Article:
Farm Ireland
Independent.ie

Tuesday 16 October 2018

No one gets up earlier than the Irish farmer - Taoiseach says 'thanks' for sector's economic contribution

Ready for a fight: Leo Varadkar
Ready for a fight: Leo Varadkar

Louise Hogan and Margaret Donnelly

The Taoiseach Leo Varadkar drew on his 'funny' name and farming relations when addressing the IFA AGM in Dublin today, and said that as a champion for the self-employed and people who get up early in the morning and nobody gets up earlier than the Irish farmer.

"You might not know it, but the IFA has a long and distinguished history of welcoming people with a funny name who trained to be medical doctors at Trinity, such as me!" he told the crowd, referring to the very first IFA President Juan Greene.

Next up were his relations - he has one uncle in tillage and another in dairying, while summer visits to west Waterford, he said, left him in no confusion about the ups and downs of life on the farm.

The Taoiseach told the collected audience that agriculture is the heartbeat of rural Ireland, and farmers are the lifeblood with a recovered economy, thanks to the sacrifices farmers made and the policies we implemented.

Last year, exports reached a record €13.5 billion, he said, describing it as "an extraordinary performance of which you should be proud and for which, on behalf of the Irish people, I thank you."

And, 60 years on, Juan Greene’s vision for the future of Irish agriculture is still meaningful for us today, he said, while IFA's consistent involvement in Government-led stakeholder engagement, has fed into the whole-of- Government approach that is being taken in dealing with Brexit.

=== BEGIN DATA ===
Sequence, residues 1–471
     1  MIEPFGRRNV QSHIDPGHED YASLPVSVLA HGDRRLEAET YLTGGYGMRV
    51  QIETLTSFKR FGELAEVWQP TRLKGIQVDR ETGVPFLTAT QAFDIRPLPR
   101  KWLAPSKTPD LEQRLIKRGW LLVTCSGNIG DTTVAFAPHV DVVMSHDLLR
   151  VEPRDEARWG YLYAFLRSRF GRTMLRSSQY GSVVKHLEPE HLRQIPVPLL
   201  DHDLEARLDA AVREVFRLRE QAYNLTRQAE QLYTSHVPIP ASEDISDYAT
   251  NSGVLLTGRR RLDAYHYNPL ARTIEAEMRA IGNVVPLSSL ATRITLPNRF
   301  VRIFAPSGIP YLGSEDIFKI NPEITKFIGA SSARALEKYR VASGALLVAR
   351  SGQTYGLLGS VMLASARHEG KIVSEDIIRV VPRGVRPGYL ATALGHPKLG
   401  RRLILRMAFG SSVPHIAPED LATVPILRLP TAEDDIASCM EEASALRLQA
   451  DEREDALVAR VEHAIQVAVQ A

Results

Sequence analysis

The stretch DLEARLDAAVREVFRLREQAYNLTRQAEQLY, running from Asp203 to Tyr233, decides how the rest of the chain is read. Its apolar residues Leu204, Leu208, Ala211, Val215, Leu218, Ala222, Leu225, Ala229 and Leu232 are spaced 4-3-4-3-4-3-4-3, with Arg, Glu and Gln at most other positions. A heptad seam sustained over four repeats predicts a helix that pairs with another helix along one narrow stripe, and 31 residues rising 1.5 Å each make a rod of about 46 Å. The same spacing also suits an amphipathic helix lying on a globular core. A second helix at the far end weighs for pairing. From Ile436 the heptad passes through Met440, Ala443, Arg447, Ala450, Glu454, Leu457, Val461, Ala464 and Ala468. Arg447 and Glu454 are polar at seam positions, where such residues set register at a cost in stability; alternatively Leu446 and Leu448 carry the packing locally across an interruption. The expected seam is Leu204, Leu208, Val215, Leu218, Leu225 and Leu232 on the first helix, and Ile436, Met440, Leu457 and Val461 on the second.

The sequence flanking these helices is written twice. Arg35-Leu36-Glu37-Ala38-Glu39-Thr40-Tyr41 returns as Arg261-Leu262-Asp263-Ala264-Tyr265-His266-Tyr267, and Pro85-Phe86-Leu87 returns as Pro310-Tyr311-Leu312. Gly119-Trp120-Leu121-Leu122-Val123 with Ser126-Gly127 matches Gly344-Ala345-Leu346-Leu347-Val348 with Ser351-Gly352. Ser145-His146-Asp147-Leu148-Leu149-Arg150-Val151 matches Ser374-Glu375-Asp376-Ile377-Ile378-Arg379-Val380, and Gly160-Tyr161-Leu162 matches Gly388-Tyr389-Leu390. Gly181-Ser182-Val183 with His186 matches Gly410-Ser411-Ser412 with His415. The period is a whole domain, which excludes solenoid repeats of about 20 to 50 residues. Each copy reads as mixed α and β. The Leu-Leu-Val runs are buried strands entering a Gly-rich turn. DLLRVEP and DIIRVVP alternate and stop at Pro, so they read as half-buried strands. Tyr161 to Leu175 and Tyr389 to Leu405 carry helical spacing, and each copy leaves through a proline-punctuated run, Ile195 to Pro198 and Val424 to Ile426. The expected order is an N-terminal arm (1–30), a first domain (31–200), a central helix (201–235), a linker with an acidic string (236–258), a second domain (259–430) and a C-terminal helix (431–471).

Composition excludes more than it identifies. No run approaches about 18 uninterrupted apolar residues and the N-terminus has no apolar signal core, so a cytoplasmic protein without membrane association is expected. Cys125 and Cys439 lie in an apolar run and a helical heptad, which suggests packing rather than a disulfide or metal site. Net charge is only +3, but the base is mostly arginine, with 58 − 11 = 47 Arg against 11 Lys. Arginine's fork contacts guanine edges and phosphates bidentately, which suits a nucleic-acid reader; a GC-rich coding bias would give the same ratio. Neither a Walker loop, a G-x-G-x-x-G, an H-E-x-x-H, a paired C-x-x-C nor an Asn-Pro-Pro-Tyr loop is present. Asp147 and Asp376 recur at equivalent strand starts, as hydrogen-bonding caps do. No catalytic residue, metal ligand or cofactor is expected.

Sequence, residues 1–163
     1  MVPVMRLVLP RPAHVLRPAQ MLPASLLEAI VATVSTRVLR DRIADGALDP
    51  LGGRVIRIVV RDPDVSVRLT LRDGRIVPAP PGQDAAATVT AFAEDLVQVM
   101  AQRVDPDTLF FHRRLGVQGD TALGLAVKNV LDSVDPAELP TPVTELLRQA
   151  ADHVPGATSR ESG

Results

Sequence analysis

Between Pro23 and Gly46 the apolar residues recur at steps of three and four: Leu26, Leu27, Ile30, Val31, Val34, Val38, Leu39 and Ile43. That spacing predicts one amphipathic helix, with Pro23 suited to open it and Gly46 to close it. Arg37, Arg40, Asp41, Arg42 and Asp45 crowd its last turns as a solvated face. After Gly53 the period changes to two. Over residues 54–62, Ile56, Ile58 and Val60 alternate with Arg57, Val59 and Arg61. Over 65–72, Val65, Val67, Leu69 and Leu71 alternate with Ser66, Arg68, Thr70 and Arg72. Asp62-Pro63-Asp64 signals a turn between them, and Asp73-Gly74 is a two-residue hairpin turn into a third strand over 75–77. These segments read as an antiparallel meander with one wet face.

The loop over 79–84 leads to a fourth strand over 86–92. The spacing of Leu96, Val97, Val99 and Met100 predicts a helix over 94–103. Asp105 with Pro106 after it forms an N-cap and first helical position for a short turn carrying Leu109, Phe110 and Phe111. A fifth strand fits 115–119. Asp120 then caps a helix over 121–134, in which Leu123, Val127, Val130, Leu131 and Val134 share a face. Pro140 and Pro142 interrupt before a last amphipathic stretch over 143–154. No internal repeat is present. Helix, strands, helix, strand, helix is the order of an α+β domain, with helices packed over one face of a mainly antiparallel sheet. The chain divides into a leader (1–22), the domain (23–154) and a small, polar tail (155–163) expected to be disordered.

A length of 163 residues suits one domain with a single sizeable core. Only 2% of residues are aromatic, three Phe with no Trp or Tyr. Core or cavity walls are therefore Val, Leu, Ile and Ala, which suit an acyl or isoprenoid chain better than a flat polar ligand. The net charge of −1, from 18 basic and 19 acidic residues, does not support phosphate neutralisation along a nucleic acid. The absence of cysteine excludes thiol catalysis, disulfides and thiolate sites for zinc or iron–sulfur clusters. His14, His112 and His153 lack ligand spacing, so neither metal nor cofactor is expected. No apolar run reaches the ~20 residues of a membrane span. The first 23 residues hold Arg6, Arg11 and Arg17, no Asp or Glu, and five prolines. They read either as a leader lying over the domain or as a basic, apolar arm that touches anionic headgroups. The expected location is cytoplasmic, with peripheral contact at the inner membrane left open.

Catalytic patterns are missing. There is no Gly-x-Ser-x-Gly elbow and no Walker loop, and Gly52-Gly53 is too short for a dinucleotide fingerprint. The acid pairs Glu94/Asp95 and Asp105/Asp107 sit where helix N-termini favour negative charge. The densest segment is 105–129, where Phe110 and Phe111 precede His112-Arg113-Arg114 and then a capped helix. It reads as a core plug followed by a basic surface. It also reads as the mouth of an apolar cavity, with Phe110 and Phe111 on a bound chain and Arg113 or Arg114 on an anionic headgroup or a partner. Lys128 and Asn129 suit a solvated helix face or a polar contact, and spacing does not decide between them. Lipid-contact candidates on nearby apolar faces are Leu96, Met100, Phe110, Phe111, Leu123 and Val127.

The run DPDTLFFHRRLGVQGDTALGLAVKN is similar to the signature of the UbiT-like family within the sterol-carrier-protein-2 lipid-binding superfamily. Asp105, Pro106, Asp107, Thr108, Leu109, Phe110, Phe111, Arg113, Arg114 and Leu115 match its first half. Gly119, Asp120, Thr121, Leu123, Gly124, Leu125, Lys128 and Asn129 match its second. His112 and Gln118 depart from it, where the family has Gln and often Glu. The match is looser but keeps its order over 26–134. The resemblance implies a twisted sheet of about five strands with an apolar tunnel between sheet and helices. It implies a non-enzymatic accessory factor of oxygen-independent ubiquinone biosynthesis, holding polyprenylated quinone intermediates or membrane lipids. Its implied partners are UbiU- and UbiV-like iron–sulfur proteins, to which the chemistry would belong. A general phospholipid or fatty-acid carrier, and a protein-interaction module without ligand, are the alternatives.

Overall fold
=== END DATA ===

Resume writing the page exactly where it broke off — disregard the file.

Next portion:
The Taoiseach then went on to detail what recent Government's have done for farmers, including introducing low-cost loans, increased resources for Bord Bia and Enterprise Ireland and increased embassies to help tap into new markets.

"I know that running a farm can bring income volatility and we want to give farmers as much flexibility as possible when it comes to paying taxes. 

"So, recent budgets brought in the option to step out of income averaging in an exceptional year, allowing farmers to counterbalance a poor income year and pay their taxes in the remaining 4 year period instead.  I hope it’s helping to ease the pressure and reduce the stress of a bad year."

He also said that a hard-working, determined farming community deserves hard-working, determined ministers, "and you have two of the best" in Ministers Michael Creed and Andrew Doyle.

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However he reminded farmers that while Ireland is one of the world's most efficient food producers, agriculture contributes one-third of the country’s overall greenhouse gas emissions.

He said that in the next few weeks, the Government will publish a Policy Statement on the Bioeconomy, which he said would give opportunity to create sustainable economic growth and employment by producing bio-based products, and he said that working together the Government and farmers could have an even better future.


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